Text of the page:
There are moments though when not having more freedom financially causes me to second guess my decision. Lia’s diagnosis with diabetes is one of those. I worry about our ability to give her what she needs. I worry that we will not be able to afford the newest technology, the best treatment, the most effective care. And I worry that the stories I wanted to write about and which inspired me to leave my job are not worthy anymore of attention. Reality now occupies me; it, more than imagination, primes my writing.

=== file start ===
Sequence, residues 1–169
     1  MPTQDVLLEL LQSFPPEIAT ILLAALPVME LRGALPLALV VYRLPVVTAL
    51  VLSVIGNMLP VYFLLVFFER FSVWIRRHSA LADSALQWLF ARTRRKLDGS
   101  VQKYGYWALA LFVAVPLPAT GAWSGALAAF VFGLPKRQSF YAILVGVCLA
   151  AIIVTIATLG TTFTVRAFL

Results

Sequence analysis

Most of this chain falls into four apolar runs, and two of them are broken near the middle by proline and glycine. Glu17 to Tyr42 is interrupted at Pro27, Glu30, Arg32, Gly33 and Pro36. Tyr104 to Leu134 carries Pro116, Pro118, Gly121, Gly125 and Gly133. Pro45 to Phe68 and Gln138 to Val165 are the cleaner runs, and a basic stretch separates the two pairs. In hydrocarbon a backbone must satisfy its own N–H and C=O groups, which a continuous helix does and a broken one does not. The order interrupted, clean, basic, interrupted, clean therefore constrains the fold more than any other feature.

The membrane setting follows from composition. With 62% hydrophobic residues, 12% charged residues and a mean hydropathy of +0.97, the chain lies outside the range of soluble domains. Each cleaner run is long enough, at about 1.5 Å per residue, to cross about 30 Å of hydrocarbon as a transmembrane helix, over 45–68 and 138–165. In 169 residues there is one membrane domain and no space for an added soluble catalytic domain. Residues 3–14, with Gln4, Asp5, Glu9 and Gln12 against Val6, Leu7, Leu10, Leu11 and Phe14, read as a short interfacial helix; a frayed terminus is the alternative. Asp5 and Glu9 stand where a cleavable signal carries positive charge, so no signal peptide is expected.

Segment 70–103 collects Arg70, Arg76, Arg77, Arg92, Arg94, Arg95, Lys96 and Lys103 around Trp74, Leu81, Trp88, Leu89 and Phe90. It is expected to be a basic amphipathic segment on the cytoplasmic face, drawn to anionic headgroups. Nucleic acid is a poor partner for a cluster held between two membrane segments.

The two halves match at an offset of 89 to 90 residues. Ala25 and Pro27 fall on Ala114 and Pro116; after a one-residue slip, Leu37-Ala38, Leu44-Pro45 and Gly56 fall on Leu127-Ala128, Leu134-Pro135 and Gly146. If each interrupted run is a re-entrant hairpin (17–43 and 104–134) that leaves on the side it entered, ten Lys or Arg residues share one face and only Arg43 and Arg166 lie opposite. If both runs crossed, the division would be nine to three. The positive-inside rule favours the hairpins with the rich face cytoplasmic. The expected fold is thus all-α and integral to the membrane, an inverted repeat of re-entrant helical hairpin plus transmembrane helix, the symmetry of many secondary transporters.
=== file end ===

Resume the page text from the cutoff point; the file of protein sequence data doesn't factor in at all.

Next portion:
So it is that Without Envy is my story too, one that has been in the works for much longer than any archive or calendar can give credit to, but one I won’t ever regret. It has been a wonderful experience and though in a way I have Gabo to thank, I know the great writer would understand if instead my dedication read: To Franca, of course.